Honda to Test Self-Driving Car on California Streets

If you’ve been paying attention to automaker news, you probably know that Honda has been in trouble in recent years, with falling sales, painful recalls, and other issues. The company got a new CEO and President in 2015, who immediately pledged to invest in a number of future technologies – including a self-driving car. Honda seems intent on bringing that vision to life, because the carmaker has received permission from the state of California to begin testing its driverless cars on public roads there.

Honda has already shown off a bit of driver-assistance technology on some of its current models. It’s also created an Acura RLX self-driving prototype to test out. On its U.S. debut, the car drove around Detroit, merged into traffic, obeyed the speed limit, and slowed to the appropriate speed when exiting.


Apparently Honda’s sensors use the wonderful power of lasers to create a 360-degree digital model of the environment (albeit with a clunky metal hat that the car has to wear). If there’s an emergency, then the metal hat automatically returns control of the car to the driver, who may or may not be dozing at the – a feature that, as others have mentioned, raises a lot of concerns about self-driving car safety and liability.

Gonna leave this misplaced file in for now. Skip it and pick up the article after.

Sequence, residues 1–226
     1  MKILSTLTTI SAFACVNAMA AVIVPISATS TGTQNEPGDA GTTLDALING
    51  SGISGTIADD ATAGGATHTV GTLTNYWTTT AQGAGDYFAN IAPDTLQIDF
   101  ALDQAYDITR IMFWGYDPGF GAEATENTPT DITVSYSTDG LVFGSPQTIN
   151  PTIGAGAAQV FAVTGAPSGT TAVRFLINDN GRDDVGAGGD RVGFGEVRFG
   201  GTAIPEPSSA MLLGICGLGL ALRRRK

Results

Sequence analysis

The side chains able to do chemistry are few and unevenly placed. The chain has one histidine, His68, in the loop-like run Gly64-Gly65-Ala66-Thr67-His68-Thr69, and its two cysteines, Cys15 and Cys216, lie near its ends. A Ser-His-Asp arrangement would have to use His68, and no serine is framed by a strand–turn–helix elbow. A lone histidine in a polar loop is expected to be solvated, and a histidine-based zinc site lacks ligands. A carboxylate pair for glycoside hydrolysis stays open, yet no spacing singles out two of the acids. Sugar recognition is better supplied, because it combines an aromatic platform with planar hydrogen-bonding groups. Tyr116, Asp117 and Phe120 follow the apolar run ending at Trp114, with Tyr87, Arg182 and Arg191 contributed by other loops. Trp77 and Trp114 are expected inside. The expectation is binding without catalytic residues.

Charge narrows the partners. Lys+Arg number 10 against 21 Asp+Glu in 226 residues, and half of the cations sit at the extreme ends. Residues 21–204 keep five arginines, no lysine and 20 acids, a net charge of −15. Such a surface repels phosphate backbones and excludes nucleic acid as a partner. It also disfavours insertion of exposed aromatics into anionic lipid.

Why California? It’s a good question. After all, Tesla, Google, and quite a few other carmakers are also using California to test and market their self-driving cars – and many of them also have permission to go on public roads. The answer is twofold. First, very few states actually permit this kind of public testing, and California is by far the most friendly from viewpoint of Honda’s headquarters (others include Florida and Michigan). Second, California has Silicon Valley and lots of investor capital, which is why companies like Nissan and BMW have also been drawn there.

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Tyler Lacoma

When he isn't enjoying the beautiful Northwest outdoors, you can find Tyler on business and tech sites, writing about the latest news, analyzing trends, and generally making the Internet a more interesting place.

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